After we left the British Military Cemetery at Terlincthun we drove directly to the old town of Boulogne and were fortunate to find the last remaining vacant parking space inside the old stone walls. I have been to Boulogne several times before and I am happy to declare it one of my favourite cities in all of France.
The old town is built within the original Roman walls and has recently been well restored and it was in complete contrast to the concrete and glass of the sea front and the shopping streets. Here is the beating heart of a medieval city with history oozing from every corner with a castle, a cathedral and narrow streets lined with charming properties, little shops, cafés and bars.
From the car park we walked along the main street full of interesting shops and busy restaurants and under the walls of the huge cathedral which was rebuilt in the nineteenth century as a symbol of the revival of the French Catholic Church after the 1789 Revolution in which the old cathedral was closed and worship forbidden before it was declared the property of the State and then dismantled and sold, stone by stone.
The medieval cathedral was the site of a shrine to ‘Our Lady of Boulogne’ a representation of a vision that appeared in Boulogne in or around the year 646 and which arrived in a boat without sails, oars, or sailors, on which stood a wooden statue of the Virgin holding the Child Jesus in her arms. The French Revolutionaries didn’t have a lot of regard for this sort thing and so at the same time as they destroyed the cathedral they burned the priceless wooden statue as well.
Anyway, the church was rebuilt in the nineteenth century complete with a massive dome, one of the largest in Europe, and inside there is a modern replica of ‘Our Lady of Boulogne’ which is one of four that were sculptured in 1943 and toured France until 1948 when it was known as ‘The Lady of the Great Return’ and is today symbolic of the reconciliation between nations.
From the cathedral we walked along the Rue de Lille and negotiated the pavement table barricades scattered almost randomly across the pedestrianised street and then to the Hotel de Ville with its immaculate gardens like an oasis in the centre of the cramped city where we stopped for a while and enjoyed the hot sunshine and the contrast of a cool beer under the shadow of the city’s twelfth century UNESCO World Heritage Site medieval Belfry.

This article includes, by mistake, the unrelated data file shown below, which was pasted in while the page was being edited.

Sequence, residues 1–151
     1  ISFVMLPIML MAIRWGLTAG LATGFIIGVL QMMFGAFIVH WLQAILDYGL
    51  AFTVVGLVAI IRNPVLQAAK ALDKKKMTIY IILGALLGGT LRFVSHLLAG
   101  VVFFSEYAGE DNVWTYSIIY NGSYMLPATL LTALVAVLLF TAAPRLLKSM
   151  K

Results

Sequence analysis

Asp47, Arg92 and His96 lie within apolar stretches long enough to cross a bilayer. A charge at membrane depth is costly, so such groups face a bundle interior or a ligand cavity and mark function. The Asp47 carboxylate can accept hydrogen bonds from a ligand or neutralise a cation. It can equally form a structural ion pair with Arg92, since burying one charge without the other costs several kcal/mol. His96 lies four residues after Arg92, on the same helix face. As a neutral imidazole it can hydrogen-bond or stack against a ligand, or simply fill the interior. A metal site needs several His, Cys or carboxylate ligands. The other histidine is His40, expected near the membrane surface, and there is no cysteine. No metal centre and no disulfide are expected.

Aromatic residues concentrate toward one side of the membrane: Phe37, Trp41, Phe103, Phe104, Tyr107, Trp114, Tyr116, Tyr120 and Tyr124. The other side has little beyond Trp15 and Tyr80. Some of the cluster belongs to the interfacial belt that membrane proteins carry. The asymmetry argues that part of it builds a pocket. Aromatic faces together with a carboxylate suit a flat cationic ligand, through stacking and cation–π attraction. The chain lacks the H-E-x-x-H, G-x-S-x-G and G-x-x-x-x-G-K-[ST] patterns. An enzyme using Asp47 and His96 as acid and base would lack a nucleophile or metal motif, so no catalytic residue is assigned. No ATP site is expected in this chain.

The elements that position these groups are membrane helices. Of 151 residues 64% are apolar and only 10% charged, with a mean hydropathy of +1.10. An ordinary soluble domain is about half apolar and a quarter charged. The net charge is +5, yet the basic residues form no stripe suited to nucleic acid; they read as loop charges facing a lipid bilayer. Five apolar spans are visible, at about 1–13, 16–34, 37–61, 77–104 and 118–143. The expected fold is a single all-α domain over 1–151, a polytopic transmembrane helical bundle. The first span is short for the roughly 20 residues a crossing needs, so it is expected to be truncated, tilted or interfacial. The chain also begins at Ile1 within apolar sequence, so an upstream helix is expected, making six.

For the record France has thirty-eight sites, the same as Germany, but is six behind Spain (44) and eleven behind Italy (49) which incidentally tops the World table for the number of sites.
Inside the town hall there was free entry to the Belfry Tower that included a guided tour and history of the building which was helpfully given in English as well as French. There was a long climb with a couple of stops for informative narrative and there were good views from the top of the tower and we were lucky to be part of quite a small group of visitors because we had time and space to enjoy the rooftop vista.
After the break we walked half of the walls and then returned to the car to go to the fishing port to find some lunch and after we had some difficulty finding a parking spot we strolled casually down the hill into the town past the Nausicaa Aquarium, one of the largest aquarium museums in France. We walked along the busy docks that smelled of fish and this was a surprise because Boulogne, it turns out, is the biggest fishing port in France and there is a large fishing fleet including deep-sea trawlers and factory ships, as well as smaller sea-going and inshore fishing boats. A third of France’s fresh fish catch is landed here, and a huge quay-side fish processing factory makes 20% of the nation’s tinned fish, and half of the frozen fish, fish fingers and other fish based ready meals.
We found a seafront restaurant and asked for menus but things went spectacularly wrong when an unexpected strong gust of wind blew my glass of beer over straight into my mum’s lap which put her off her lunch. It was getting quite windy now so we tried two or three different tables and then abandoned the seafront lunch idea and returned instead to the shelter of the old town where perhaps we should have stayed in the first place.
Here we selected a restaurant on Rue de Lille and ordered what we thought was going to be a snack but turned out to be quite enormous meals which, although we didn’t know it at the time was going to spoil our evening meal. Mum didn’t enjoy her Welsh Rarebit, Alan had an oversize omelette, Richard had a pizza that would have been sufficient for all four of us but I did get the pot of moules marinière that I had been promising myself.
Lunch over we tried to walk some of it off by visiting the other half the old town walls and alongside the Castle Museum and the gardens on the other side and then we called it a day and returned to the hotel where we made matters worse by opening the bar and drinking more beer in the couple of hours before our evening meal.